Interest rates are spoken about a lot in the finance world. Whether you’re looking to borrow money from a lender or invest it, you’ll need to know about interest rates.
If you have a vague idea, then this guide will help solidify your knowledge and bring some sense to the little bits and pieces you’re unsure about. If you have no clue where to begin, then this will be the perfect place to start!
What are interest rates?
The technical definition is that interest rates are a percentage charged on the overall amount of money that you borrow or save.
So, when you borrow money from a bank, the interest rate is a percentage of the total loan that you need to pay back to them.
But, when you save money, you’re also given an interest rate. Here, it’s a percentage of your savings that gets paid back to you. This is because the bank essentially borrows money from you when you deposit it into an account. We won’t get into the technicalities of that – it’s a whole other topic for a different day!
Typically, rates are expressed as APR – the annual percentage rate. For example, you might want a bank loan for $10,000 that has an APR of 5%. This means that you pay 5% of that loan every year as interest. So, you can now calculate that you’ll pay £500 in interest, every year until you’ve paid back the loan in full.
It can be confusing, but once you start seeing interest rates in the real world, you soon get the hang of what they are and how they work.
Why do interest rates matter?
Interest rates are hugely significant in just about everything to do with finance. Whenever you want to borrow money – be it a loan, mortgage, or even a credit card – there will be rates. Realistically, they’re in place so lenders can actually make money. If they didn’t charge any interest, then they’d just be lending money out to everyone for free.
So, you need to understand and be wary about interest rates if you want to borrow money at any point in your life. It’s always a smart idea to shop around before you apply for any credit cards or look for any loans/mortgages. In an ideal world, you want to borrow money from a lender with the lowest interest rate. As such, this would mean you have to pay less money.
As touched upon earlier, rates are also vital if you want to save or invest money. Savings accounts have interest rates to help grow your investment. Each year, you can add a percentage of your savings to your account balance.
The best thing is, you don’t have to lift a finger or do anything. Ironically, in this scenario, you should shop around for a savings account with the absolute highest rates, so you can earn as much money as possible.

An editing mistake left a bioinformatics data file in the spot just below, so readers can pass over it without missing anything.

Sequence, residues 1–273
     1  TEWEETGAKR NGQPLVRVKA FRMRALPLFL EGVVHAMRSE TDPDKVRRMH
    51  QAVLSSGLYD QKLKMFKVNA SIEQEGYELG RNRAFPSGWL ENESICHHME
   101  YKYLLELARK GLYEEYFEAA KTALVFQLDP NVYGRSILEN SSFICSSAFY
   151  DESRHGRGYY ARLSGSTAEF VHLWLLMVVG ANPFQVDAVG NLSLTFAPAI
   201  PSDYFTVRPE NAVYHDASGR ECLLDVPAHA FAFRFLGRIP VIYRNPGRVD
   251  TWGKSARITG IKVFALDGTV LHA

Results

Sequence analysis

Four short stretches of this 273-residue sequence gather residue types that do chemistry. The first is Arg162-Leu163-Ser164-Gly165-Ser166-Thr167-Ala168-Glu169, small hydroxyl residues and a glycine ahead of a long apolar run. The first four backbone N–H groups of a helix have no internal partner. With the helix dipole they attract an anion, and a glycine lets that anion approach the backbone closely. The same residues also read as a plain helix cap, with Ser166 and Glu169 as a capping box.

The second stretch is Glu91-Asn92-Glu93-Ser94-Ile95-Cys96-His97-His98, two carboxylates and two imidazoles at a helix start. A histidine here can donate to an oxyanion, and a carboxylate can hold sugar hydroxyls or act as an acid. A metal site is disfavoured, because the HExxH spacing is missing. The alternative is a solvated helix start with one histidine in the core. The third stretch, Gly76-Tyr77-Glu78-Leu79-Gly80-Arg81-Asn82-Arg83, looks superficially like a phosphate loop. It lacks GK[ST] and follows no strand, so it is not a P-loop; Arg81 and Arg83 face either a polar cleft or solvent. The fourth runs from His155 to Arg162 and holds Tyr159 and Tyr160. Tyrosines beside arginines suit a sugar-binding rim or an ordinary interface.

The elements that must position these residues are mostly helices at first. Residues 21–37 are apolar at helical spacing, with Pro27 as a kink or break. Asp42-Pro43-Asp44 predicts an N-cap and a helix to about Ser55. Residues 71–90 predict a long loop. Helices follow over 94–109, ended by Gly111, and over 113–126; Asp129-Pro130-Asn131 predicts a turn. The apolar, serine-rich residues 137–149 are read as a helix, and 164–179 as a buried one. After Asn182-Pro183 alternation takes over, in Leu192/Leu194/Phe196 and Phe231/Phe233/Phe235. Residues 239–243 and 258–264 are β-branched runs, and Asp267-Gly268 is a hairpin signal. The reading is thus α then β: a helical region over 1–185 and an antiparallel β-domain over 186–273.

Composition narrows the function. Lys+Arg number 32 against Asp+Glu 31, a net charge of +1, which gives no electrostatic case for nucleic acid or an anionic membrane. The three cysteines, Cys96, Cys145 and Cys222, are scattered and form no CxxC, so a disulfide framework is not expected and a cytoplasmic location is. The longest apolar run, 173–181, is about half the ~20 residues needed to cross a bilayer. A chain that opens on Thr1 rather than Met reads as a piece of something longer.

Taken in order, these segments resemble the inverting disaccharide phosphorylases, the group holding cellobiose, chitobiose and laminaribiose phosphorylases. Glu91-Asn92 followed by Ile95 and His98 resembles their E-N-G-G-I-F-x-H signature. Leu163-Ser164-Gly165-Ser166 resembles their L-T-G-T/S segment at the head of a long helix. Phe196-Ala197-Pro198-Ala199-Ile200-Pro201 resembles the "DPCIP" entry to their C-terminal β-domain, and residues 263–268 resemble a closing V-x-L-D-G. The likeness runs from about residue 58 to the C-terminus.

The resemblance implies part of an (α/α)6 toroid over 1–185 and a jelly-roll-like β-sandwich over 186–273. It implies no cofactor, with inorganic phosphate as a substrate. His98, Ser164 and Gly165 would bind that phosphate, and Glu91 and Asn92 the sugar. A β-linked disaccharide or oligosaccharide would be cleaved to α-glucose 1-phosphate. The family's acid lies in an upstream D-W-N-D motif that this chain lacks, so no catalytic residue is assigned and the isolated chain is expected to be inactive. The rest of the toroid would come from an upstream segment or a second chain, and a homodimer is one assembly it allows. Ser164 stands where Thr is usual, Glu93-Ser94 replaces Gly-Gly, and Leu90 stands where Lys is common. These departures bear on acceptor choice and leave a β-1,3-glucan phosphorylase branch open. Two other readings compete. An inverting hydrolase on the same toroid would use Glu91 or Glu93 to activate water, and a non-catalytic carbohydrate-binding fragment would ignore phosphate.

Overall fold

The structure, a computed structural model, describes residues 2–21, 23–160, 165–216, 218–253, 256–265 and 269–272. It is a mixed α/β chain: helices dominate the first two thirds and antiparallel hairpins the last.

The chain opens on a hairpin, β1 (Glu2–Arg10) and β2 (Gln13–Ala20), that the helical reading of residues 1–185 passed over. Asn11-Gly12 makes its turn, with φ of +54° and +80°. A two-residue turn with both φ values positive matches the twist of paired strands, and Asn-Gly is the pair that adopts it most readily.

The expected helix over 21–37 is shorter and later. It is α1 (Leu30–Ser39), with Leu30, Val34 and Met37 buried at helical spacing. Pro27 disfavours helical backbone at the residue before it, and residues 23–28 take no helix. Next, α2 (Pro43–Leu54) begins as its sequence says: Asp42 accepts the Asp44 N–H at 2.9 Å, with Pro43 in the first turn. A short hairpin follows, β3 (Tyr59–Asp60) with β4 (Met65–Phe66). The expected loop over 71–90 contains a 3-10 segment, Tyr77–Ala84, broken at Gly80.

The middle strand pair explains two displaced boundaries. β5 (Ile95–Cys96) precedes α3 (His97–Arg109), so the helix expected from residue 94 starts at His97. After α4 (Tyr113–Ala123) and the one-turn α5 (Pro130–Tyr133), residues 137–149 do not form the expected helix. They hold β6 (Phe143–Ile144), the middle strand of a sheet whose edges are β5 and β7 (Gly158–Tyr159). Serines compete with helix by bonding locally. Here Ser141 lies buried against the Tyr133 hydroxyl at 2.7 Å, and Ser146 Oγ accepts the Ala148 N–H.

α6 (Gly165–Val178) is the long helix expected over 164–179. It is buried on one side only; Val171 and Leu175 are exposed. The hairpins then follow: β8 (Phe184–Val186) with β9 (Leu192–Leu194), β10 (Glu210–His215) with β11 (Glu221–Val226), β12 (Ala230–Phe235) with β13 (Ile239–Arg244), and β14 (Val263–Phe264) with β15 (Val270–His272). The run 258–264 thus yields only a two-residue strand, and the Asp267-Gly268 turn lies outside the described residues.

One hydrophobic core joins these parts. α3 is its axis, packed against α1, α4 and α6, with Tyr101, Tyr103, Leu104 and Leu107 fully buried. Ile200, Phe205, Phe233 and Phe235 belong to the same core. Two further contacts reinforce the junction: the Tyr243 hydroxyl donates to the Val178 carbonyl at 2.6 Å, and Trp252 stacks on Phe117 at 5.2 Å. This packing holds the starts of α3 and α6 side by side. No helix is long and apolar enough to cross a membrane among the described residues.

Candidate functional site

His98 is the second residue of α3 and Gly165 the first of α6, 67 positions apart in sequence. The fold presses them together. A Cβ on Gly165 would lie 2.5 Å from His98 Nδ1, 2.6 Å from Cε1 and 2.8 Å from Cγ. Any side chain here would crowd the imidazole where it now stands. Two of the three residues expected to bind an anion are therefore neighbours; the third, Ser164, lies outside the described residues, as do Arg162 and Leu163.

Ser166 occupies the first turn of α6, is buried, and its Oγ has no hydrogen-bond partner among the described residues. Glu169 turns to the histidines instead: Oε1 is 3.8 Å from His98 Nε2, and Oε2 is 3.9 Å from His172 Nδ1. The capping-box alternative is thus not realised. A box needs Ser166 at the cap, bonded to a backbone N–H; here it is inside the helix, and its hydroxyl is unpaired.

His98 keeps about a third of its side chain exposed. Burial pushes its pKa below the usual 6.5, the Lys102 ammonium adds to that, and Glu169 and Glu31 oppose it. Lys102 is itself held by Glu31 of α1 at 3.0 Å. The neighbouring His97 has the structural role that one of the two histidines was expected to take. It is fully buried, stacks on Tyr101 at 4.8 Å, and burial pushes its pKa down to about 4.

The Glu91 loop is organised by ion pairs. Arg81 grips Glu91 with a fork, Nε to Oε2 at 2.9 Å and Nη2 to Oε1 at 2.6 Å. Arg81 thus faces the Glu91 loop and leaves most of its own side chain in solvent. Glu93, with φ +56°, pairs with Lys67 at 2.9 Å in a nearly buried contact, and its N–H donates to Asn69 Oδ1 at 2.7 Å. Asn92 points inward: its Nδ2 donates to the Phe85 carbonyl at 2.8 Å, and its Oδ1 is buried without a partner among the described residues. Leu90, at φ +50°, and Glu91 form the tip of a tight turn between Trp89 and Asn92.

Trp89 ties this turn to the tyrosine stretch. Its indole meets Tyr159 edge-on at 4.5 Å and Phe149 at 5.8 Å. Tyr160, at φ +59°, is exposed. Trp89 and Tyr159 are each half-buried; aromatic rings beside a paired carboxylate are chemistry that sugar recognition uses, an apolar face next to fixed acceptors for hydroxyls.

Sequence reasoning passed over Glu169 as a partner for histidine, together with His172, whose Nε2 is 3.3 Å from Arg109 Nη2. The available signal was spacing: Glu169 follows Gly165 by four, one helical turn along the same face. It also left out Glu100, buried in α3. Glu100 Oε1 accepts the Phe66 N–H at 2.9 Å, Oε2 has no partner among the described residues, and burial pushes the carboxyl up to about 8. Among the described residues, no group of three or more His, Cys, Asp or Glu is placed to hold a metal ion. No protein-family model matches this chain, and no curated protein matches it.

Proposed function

Financial institutions often have a range of products for you to choose from if you’re looking to invest or save your money. Standard savings accounts are available, but the interest is really bad on them. Then, you have things like a high interest term deposit that offers far more generous rates, but with more restrictions. It’s a case of weighing up the different options and choosing the one that speaks to your requirements while offering a decent interest rate.
As a summary, interest rates matter because they determine how much it will cost to borrow money, or how much money you can gain from saving/investing it.
Does your credit score affect rates?
Yes, it does. Your credit score is basically a figure that helps show how creditworthy you are. It’s pretty much a nice and simple way for lenders to look at you and figure out if you’re trustworthy or not to be granted credit.
In some cases, a bad credit score can mean you don’t get your application accepted at all. But, there’s a general rule that poor credit scores will result in worse interest rates.
Now, banks and lenders will usually advertise a specific interest rate for their different products. This will be the best interest rate you can get, but not everyone will end up with it. Usually, you need to have a good credit score to qualify for the advertised rate – often referred to as the representative APR.
But, if your score isn’t up to scratch, then the bank will give you a higher interest rate, which means it costs more for you to borrow money. They do this because people with bad credit scores aren’t seen as trustworthy as ones with good ones. It’s more of a risk for lenders, so they compensate for this with higher rates.
The good news is that your credit score doesn’t impact the interest rate on savings accounts or other investment products!
Are there different types of interest rates?
There are many types of interest rates out there, but the two you need to concern yourself with are:
- Fixed interest rates
- Variable interest rates
A fixed interest rate is one that will stay the same forever. So, if your mortgage has a 2.5% fixed interest, you will pay that amount every year until your debt is paid.
A variable interest rate may start out with a fixed term, but it will then be open to fluctuations. This means it could go up, or it could go down. So, you might end up paying less, or you could end up paying more – it all depends on the rate.
It’s crucial that you start understanding interest rates if you want to make good financial decisions! Shop around whenever you borrow money; look for lenders with the most favorable rates, so you pay as little as possible.
If you’re opening savings accounts, then look for the best rates so you can earn more each year! Also, make sure you keep your credit score in check. If you don’t, then you can end up on lousy interest rates when borrowing money.